5.4. How did WWII serve to advance movements for equality at home and abroad? - Understanding the movements during World War II.

6. Topic 6: Cold War Struggles Abroad

6.1. What was Containment? How was it employed? - Understanding the United States policy towards communism during post-WWII.

6.2. How did American foreign policy shift, especially tackling communism around the world after World War II? - Understanding America's foreign policy after World War II until the start of the Clinton Administration.

6.3. Why was the period between 1946-1990 known as the Cold War? How did anti-communism drive foreign policy? - Understanding American social and political culture during the Cold War era.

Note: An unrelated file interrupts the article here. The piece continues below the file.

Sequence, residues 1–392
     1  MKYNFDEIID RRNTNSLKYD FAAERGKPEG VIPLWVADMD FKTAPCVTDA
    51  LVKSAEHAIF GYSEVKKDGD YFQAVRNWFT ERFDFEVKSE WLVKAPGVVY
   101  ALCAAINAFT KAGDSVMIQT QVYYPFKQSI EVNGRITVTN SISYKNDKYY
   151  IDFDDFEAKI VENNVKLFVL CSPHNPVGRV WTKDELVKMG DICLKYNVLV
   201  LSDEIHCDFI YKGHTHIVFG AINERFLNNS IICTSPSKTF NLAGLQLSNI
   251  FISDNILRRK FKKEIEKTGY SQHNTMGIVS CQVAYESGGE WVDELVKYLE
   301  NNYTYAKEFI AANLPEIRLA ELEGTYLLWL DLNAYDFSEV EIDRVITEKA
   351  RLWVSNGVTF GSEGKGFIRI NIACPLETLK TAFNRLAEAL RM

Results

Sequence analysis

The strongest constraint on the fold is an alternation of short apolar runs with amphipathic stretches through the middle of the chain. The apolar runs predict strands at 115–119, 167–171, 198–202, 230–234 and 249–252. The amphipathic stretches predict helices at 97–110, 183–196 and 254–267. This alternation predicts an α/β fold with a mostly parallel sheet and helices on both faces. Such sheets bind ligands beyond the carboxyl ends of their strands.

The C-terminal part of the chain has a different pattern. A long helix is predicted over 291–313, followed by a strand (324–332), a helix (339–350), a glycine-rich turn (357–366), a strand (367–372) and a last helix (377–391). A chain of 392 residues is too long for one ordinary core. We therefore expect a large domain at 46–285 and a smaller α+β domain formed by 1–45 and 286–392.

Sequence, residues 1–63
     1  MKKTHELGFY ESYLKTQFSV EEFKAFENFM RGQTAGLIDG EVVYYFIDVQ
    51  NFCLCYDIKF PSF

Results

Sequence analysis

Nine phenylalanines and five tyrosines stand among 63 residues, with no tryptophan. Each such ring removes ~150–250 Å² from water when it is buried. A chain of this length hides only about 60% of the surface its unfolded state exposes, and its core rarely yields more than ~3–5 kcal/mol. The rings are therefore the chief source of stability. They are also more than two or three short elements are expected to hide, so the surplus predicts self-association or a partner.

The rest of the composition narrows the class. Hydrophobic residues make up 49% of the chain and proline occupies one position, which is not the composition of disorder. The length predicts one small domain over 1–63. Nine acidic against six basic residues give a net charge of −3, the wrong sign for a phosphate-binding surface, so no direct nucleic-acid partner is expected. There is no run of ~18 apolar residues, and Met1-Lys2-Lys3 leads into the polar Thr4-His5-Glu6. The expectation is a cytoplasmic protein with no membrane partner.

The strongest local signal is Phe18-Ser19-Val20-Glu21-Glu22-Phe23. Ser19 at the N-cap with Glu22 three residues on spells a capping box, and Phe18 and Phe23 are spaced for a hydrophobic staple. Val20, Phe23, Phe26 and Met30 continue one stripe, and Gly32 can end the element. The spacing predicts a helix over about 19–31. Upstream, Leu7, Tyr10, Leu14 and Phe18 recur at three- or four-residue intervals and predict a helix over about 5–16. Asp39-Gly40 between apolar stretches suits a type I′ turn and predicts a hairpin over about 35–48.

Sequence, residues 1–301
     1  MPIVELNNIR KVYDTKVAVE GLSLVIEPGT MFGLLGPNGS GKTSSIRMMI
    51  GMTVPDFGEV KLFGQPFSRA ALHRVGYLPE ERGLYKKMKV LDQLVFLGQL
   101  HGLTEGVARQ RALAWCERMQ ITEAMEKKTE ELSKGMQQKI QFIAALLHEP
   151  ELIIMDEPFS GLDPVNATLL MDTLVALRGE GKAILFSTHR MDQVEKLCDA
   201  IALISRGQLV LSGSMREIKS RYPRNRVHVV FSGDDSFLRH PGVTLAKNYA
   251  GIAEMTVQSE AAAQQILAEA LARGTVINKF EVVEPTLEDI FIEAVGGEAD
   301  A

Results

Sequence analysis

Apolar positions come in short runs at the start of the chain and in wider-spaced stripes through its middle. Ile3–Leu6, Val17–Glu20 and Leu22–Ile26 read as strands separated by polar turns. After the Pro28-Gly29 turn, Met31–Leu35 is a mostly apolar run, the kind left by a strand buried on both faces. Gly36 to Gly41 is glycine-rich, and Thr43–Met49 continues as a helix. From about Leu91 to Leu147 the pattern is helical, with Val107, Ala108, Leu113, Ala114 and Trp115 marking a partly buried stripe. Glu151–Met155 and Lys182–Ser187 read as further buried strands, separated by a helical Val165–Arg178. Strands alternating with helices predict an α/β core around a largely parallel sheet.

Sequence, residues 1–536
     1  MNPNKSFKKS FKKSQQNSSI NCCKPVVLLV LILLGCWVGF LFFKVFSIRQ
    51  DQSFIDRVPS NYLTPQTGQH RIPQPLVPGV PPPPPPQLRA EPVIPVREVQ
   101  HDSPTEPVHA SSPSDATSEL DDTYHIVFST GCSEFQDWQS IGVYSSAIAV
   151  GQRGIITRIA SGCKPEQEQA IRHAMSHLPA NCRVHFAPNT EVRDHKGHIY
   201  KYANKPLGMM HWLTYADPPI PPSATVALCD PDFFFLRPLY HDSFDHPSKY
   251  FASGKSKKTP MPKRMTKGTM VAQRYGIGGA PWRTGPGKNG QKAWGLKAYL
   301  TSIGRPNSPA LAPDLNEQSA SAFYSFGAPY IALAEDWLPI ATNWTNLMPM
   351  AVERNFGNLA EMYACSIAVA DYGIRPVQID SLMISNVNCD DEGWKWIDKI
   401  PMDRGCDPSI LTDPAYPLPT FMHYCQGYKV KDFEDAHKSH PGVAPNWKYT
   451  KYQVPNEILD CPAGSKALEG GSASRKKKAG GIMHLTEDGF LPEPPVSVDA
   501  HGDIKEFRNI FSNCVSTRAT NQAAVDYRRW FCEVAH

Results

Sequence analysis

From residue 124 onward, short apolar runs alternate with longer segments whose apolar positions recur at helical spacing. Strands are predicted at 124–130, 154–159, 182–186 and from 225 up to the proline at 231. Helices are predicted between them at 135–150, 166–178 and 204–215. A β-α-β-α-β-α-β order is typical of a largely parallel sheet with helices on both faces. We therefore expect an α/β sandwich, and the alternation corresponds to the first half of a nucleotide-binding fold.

7. Topic 7: Cold War Struggles at Home

7.1. How was the Cold War fought domestically? How did the government work to combat the perceived threat of communism domestically? - Understanding how the United States fought the Cold War domestically.

7.2. How were American politics shaped by the Cold War? How did the Cold War affect ordinary Americans? - Understanding how American politics affected political, social, and economics during the Cold War era.

8. Topic 8: Movements for Equality

8.1. Why was there a Civil Rights Movement? - Understanding the need for a Civil Rights Movement after World War II.

8.2. What were the goals and strategies of the Civil Rights Movement? Did the Civil Rights Movement succeed? - Understanding the goals and the success of the Civil Rights movement. In addition, how did the Civil Rights movement use past movements to build upon their respective movements.

8.3. How was the government involved in the Civil Rights Movement? - Understanding the political actions of State and the Federal governments in the United States.